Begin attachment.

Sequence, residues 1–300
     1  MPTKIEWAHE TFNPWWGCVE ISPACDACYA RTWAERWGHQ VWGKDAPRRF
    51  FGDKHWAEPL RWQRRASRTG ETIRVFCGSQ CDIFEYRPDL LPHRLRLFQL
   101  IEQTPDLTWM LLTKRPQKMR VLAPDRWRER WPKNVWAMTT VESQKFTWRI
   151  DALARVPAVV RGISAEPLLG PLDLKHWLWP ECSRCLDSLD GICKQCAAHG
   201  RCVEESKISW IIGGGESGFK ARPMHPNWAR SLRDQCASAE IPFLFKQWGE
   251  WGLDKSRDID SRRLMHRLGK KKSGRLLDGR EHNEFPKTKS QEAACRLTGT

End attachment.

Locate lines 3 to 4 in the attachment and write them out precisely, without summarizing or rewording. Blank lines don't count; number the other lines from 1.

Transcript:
    51  FGDKHWAEPL RWQRRASRTG ETIRVFCGSQ CDIFEYRPDL LPHRLRLFQL
   101  IEQTPDLTWM LLTKRPQKMR VLAPDRWRER WPKNVWAMTT VESQKFTWRI